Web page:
Why the small-scale renewable target deserves to live

The small-scale solar scheme will cost households 0.32c per kWh til 2020. But it will save them 0.49c per kWh over the same period. In addition, it brings crucial jobs and fights climate change.

There sometimes appears to be a cacophony of voices calling for the Renewable Energy Target to be abolished, but the truth is very different. That cacophony is really a small echo chamber, with the voices of vested interests reinforcing each other.

Listen carefully, and you won’t hear the sound of families or small businesses clamouring for the RET to be abolished. That’s because the RET helps families and small businesses to reduce their power bills, and will help all Australians reduce their power bills over time.

It is worth reflecting on why the RET is so important and why it must be maintained. My company – as with most companies trading renewable energy certificates – works in the small-scale solar space, so I’ll particularly focus on the Small-scale Renewable Energy Scheme.

Solar helps families and small businesses

First and foremost, the SRES is working. It is doing precisely what successive governments intended it to do – helping families and small businesses reduce their power bills by installing solar panels and solar hot water systems, as well as creating a strong new industry.

With gas prices set to wreak havoc on Australian families and businesses, undermining the SRES protects the interests of the incumbent industry at the expense of all energy customers. Solar is the perfect hedge against soaring power bills, so you would think governments would be making it easier – not harder – for families to invest in solar.

Solar reduces wholesale cost of electricity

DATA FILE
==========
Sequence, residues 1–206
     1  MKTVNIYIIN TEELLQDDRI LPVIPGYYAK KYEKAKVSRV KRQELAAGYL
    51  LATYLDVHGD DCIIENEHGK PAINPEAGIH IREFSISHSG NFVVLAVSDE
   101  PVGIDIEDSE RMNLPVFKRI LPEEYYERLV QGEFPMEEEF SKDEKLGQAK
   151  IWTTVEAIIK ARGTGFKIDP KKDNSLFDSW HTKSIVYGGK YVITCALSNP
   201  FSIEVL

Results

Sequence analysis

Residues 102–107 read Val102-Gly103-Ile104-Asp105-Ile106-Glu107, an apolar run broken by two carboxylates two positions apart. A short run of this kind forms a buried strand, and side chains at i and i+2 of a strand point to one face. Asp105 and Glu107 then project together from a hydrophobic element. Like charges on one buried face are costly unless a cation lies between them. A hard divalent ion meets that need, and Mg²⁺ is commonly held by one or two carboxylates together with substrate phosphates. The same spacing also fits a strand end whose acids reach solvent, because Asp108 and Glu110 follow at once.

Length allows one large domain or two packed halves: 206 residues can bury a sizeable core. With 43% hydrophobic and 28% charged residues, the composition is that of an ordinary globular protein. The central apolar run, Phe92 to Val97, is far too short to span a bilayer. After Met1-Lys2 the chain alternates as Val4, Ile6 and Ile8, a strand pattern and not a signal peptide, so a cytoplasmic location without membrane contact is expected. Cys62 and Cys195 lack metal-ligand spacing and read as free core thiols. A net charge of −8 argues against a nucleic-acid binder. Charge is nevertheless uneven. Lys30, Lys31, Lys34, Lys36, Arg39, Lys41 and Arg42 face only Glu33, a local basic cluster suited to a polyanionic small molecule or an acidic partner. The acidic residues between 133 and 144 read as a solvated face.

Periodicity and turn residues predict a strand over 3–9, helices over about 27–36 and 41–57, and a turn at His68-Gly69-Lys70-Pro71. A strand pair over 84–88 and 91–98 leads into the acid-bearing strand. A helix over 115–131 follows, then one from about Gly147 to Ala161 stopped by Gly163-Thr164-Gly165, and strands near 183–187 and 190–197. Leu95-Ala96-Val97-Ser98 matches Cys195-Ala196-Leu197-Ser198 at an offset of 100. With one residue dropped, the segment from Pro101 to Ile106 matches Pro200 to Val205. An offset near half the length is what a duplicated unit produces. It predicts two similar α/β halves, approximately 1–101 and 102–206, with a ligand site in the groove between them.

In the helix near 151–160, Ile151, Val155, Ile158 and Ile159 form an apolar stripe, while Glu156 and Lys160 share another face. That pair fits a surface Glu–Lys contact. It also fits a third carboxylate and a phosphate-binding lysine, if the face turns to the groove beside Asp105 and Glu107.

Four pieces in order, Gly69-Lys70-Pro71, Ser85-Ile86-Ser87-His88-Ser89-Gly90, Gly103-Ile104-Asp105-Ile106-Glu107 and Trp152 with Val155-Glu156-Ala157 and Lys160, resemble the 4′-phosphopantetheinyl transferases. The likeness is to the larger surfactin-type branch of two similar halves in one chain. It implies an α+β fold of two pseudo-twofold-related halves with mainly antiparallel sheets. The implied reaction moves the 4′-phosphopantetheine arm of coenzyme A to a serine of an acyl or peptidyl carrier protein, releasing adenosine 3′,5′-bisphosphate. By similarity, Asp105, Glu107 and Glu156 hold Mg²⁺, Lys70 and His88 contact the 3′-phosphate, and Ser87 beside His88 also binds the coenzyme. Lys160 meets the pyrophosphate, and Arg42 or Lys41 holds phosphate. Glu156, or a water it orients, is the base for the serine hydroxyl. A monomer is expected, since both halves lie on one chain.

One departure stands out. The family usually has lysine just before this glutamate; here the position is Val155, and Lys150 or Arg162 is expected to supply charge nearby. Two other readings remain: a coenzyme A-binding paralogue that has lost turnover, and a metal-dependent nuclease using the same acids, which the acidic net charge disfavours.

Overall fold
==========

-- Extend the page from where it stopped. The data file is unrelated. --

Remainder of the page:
The cost that gets passed through to customers for the SRES from 2015-20 amounts to an average of 0.32 cents per kilowatt hour – equivalent to 1.1 per cent of an average customer’s electricity bill.

The average reduction in the wholesale price due to the installation of solar systems over the 2015-20 period amounts to 0.49 cents per kWh – which means that residential customers are benefiting by 0.17 cents per kWh or $10 per annum.

Beyond 2020 the net savings to customers increases further as the cost pass-through reduces as deeming is phased out.

SRES critical to success of solar industry

The SRES is critical to the ongoing success of the solar industry. Green Energy Trading’s analysis suggests that if the SRES was axed, the solar market would fall by around 40-50 per cent almost immediately. That means thousands of firms would shut down and thousands of Australians would lose their jobs. This would happen right across the country, with a major impact on regional areas and in the mortgage belts of our big cities.

SRES addresses barriers to uptake of solar

Some people have argued the cost of solar is now so low that it doesn’t need incentives. That is a misunderstanding of the economics of solar and consumer decision-making. Just as there are barriers to investment in energy efficiency – despite it making economic sense – so are there barriers to investment in solar. The SRES helps reduce those barriers.

Barriers to investment in solar are well documented, and include: